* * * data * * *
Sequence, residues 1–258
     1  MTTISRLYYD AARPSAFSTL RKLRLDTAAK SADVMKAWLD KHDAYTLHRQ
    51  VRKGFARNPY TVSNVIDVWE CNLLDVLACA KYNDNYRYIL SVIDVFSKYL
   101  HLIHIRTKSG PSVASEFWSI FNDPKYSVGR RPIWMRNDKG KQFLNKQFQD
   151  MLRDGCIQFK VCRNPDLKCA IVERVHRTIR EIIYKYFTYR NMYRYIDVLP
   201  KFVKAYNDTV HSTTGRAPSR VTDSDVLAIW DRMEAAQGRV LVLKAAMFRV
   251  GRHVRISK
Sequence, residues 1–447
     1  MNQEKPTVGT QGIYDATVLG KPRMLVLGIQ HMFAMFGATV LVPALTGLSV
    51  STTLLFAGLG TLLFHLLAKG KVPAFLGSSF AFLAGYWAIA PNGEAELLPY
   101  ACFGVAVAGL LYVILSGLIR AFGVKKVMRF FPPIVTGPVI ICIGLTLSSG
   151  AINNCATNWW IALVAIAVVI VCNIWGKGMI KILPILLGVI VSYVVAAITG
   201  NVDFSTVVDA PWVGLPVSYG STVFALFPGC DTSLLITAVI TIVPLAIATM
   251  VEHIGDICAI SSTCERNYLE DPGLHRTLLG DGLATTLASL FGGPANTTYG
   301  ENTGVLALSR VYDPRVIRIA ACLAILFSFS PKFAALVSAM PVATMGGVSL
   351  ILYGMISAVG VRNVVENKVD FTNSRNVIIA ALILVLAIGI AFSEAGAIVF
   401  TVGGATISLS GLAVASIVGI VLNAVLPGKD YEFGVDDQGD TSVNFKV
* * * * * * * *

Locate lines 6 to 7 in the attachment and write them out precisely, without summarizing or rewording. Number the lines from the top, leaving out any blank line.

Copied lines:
   201  KFVKAYNDTV HSTTGRAPSR VTDSDVLAIW DRMEAAQGRV LVLKAAMFRV
   251  GRHVRISK